WHEN the two American hostages, Robert Polhill and Frank Reed, were released in April, Martin Kramer, Israeli expert on terrorism, commented that these were expendable hostages, held ``on the shelf.'' They could be released because others were held who could be used to gain the captors' objectives. If this analysis is valid, it makes bleak the prospects for a resolution of the hostage crisis unrelated to the broader issues of the region, and compounds the dilemma facing President Bush. The idea that innocent individuals can be held indefinitely as potential chips in a Middle East bargaining game is diabolical to Americans. Yet in that concept lies the key to understanding key aspects of the hostage problem: the thinking of hostage takers, the cruel dilemma for Washington policymakers, and the significance of the roles of Syria and Iran.
To the captors, the use of hostages is logical. It is the weapon of the weak against the strong; it is the means to pressure those who are perceived to have the power. Whether it be to seek the return of an exiled monarch, as in the case of Khomeini and the Shah, to obtain the release of fellow religionists, as with the Lebanese Shiites, or to free members of a clan, the perpetrators see the US as a key. Did not the US put the Shah back on the throne in 1953? Does not the US control the destiny of the states in the Gulf and, above all, of Israel? And is not the US, with its concern for the lives of its citizens, vulnerable to this type of threat and pressure?
For the policymaker in Washington, the dilemma is cruel. President Carter and President Reagan both faced hostage crises. Although they sought to deal with the problem differently, each suffered politically as a result. The policy of the Bush administration not to negotiate with those holding Americans has been established both by principle and experience.
Yet it remains part of the cruel reality of the shadowy world in which the hostages are held that they are not likely to be released without some concessions. It costs little for these groups to continue to hold the Americans. Given the nature of the groups in which tendencies to weakness can be fatal, giving up the hostages is probably exceedingly difficult if the leaders cannot demonstrate some resulting gain.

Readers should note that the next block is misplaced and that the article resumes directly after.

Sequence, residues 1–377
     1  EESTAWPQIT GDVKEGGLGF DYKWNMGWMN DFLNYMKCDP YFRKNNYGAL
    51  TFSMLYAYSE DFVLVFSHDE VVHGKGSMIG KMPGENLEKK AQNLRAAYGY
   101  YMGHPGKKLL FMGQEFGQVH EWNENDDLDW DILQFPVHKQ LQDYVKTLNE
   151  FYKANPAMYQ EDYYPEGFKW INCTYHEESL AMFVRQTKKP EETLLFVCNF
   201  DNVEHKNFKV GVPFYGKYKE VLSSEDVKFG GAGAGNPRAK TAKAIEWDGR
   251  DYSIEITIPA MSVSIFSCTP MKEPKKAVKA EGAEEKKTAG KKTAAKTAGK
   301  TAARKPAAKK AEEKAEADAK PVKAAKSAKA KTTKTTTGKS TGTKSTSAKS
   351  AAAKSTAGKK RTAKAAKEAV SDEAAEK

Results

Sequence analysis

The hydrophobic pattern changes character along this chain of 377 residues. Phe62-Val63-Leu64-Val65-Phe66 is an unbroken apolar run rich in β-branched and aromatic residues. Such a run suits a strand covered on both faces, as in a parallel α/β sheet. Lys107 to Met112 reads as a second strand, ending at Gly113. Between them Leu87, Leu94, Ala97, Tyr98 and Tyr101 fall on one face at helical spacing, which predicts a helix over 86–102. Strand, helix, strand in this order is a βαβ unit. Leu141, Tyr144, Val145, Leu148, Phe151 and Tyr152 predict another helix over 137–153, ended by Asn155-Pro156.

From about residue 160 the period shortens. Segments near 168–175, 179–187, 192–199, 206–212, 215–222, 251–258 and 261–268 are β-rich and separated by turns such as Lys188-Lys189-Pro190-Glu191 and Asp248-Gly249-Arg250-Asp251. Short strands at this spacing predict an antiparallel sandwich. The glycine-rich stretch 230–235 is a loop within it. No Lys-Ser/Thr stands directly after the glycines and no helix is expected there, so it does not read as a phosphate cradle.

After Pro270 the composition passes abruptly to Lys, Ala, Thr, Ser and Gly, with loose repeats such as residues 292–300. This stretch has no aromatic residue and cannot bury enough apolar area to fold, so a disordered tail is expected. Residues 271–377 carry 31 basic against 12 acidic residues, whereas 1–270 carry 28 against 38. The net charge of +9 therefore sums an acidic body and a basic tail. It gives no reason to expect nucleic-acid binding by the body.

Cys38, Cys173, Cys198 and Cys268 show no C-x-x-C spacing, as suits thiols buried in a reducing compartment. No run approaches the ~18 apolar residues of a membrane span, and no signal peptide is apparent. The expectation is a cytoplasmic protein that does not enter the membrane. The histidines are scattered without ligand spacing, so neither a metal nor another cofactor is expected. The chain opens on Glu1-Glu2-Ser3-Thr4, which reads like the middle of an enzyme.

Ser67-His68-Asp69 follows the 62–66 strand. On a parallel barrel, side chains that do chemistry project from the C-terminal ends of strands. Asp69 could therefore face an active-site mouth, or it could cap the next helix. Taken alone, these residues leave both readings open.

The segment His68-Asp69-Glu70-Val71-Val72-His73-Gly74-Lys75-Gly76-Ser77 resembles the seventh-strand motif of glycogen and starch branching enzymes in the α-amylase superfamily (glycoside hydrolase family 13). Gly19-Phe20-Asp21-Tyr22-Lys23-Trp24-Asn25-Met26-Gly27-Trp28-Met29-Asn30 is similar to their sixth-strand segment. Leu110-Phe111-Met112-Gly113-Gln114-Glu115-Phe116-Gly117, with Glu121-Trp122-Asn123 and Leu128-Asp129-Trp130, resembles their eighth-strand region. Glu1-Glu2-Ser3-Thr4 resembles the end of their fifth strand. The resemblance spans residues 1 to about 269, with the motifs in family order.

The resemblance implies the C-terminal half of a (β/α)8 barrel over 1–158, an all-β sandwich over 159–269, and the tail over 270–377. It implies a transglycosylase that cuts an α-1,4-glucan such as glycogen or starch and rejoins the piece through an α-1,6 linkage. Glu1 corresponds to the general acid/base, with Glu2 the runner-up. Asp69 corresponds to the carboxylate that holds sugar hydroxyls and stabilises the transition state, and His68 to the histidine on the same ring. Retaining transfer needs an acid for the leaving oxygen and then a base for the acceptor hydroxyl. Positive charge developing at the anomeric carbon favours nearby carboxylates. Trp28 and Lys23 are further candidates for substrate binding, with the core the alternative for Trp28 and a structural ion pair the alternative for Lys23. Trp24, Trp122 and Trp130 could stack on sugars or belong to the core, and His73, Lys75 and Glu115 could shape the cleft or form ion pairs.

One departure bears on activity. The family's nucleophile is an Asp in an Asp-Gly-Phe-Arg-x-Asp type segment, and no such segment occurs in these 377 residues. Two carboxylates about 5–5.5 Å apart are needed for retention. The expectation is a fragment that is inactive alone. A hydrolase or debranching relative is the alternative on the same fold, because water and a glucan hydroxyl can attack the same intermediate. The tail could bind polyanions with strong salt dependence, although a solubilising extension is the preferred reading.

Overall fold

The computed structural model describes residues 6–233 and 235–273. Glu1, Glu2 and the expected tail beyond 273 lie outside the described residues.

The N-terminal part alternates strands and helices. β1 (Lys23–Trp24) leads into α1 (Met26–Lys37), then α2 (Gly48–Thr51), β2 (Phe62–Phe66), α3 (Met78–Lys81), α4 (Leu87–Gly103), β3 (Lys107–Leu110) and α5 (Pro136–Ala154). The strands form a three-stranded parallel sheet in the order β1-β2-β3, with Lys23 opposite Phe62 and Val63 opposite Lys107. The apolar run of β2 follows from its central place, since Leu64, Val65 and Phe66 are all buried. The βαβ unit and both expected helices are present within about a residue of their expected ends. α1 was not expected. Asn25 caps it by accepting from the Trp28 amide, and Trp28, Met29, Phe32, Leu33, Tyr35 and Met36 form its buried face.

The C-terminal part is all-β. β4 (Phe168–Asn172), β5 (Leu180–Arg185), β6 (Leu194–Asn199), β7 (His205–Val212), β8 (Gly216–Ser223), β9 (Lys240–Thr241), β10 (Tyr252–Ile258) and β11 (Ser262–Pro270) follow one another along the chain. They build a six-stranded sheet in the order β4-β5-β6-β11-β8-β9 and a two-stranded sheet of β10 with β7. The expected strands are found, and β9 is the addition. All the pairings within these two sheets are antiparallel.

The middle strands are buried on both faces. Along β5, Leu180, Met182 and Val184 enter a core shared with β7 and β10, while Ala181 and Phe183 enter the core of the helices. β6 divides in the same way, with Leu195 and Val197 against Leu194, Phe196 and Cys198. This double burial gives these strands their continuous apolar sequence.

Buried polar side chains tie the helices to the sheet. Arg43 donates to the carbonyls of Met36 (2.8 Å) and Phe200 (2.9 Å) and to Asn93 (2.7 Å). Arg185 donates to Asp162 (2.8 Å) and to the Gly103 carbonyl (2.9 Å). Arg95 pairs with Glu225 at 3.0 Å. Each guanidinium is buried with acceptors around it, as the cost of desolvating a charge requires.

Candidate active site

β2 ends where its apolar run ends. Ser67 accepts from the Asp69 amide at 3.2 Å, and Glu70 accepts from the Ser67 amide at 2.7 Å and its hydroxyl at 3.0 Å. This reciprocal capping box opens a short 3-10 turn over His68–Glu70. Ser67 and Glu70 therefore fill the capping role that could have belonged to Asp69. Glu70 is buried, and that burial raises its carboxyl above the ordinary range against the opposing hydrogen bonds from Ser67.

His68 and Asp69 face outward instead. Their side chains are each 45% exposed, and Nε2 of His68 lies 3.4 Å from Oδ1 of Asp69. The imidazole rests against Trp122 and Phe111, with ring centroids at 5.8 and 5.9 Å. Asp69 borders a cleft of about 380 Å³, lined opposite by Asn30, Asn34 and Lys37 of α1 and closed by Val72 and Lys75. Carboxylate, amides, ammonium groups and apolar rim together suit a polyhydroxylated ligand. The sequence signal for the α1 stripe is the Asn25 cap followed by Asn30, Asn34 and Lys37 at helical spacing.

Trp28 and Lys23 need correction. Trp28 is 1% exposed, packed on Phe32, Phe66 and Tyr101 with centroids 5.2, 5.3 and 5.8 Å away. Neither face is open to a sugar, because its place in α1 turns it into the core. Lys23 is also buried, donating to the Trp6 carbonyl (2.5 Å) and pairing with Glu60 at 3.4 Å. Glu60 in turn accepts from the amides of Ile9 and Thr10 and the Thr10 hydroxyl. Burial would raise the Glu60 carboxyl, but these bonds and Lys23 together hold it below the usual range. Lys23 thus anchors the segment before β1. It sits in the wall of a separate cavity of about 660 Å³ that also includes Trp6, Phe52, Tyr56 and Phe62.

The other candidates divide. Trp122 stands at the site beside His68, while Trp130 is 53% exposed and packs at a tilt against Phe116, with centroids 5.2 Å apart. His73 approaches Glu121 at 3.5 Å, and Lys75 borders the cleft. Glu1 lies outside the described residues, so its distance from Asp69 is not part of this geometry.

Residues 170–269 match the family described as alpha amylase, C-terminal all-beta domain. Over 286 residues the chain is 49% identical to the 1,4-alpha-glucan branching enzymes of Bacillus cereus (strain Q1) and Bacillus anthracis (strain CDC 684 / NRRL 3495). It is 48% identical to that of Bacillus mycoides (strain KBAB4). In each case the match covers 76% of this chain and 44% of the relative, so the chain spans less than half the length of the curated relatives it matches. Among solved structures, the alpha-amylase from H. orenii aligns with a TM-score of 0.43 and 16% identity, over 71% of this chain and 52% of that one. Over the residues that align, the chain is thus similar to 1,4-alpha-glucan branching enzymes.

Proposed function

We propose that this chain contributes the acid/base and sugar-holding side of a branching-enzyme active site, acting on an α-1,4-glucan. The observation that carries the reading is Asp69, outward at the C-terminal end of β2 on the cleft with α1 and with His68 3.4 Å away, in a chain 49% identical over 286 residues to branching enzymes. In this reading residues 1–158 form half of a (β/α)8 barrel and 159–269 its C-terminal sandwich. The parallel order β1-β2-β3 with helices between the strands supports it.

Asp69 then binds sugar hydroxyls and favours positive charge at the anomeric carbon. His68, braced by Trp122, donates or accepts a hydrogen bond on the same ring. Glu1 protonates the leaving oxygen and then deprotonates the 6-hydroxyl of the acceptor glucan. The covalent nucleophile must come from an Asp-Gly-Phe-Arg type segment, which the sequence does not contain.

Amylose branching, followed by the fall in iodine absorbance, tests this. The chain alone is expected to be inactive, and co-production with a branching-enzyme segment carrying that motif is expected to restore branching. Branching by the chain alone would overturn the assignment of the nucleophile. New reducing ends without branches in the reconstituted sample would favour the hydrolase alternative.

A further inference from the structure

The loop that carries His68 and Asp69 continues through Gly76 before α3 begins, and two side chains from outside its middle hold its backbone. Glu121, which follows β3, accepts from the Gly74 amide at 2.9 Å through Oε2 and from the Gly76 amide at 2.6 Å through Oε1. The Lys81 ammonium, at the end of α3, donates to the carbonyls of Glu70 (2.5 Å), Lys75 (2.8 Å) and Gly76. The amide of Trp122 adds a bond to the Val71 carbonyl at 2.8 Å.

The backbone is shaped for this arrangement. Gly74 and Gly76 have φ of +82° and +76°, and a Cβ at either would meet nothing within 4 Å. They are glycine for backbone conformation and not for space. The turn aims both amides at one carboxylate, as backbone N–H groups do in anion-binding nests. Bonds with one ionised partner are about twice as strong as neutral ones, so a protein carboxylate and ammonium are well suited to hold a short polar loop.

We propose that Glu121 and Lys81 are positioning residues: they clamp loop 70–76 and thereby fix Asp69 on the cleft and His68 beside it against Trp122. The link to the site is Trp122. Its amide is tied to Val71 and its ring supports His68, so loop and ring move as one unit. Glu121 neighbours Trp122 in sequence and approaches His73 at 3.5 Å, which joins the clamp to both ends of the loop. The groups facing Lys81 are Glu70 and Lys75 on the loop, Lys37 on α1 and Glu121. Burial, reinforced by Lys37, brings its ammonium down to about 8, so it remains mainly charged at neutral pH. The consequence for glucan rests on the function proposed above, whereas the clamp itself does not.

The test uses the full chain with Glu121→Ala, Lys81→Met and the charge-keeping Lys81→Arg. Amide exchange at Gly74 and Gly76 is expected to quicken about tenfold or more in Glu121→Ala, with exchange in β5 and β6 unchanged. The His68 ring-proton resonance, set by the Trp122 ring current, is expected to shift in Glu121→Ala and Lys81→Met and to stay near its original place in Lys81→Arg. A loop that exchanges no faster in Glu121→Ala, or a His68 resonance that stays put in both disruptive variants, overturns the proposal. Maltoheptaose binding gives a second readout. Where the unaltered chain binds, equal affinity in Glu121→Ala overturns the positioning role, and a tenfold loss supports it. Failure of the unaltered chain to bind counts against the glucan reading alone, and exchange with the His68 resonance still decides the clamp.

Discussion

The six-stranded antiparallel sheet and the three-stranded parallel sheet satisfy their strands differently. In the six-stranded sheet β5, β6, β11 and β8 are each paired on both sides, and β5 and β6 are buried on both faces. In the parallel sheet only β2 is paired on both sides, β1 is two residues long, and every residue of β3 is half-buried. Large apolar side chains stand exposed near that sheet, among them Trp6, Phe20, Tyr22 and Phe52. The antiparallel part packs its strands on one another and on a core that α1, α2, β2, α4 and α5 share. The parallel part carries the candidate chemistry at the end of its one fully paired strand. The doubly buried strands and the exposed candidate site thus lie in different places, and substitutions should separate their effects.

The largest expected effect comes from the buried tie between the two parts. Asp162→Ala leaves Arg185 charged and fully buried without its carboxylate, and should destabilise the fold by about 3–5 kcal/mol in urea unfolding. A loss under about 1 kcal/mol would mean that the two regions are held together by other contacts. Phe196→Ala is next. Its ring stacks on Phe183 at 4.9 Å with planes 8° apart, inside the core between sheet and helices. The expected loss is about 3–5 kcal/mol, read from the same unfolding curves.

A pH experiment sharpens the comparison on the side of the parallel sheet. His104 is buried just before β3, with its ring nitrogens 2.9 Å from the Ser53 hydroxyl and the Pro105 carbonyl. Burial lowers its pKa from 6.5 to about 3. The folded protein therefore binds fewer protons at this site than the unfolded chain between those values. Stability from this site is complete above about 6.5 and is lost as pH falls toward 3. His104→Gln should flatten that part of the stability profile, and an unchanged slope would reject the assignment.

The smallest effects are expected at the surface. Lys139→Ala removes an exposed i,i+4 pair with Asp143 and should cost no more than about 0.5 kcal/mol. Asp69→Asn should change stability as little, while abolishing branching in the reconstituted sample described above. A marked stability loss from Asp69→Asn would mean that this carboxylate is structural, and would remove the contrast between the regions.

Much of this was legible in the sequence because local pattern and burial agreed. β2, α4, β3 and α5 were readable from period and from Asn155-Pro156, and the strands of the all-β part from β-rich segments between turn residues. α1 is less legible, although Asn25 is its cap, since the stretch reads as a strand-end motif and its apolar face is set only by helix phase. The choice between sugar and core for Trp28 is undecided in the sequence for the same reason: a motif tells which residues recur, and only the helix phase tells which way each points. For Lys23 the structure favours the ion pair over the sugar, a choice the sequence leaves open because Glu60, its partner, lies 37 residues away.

Syria and Iran have been helpful, but their power, too, may be limited. Syrians have appreciable military assets in Beirut. The Iranians have been the creators and supporters of Shiite groups in Lebanon. These countries can provide the rationale for the release of the hostages that the US cannot. Each has decided that it has interests in courting better relations with the US.
Clearly Damascus and Tehran have expended capital to win the release of Polhill and Reed; they are now seeking signs from Washington that will help them convince hard-liners within their own governments of the value of continuing to negotiate. This leads to further demands by them on the US. The resulting dilemma for the US president is severe.
The ideal solution from the US standpoint is, however, not just the release of the remaining six American hostages - as well as those of other countries - but an end to the cycle of hostage taking and holding. But concessions to the captors, and those who influence them - whether by direct US gestures or through US pressures on Israel to release prisoners - will only continue the cycle unless a solution can be found in Lebanon. As long as groups exist that see their power in holding American and other hostages ``on the shelf,'' the prospect of other seizures remains.
The release of hostages in the Middle East, therefore, becomes not an isolated issue, but one rooted in the struggles in Beirut, the conflict between Palestinians and Israelis, between Sunni and Shiite. Diplomacy can bring about the freedom of individuals, but until the deeper issues are resolved, the day is still distant when Americans can return without fear of captivity to the lands of the region.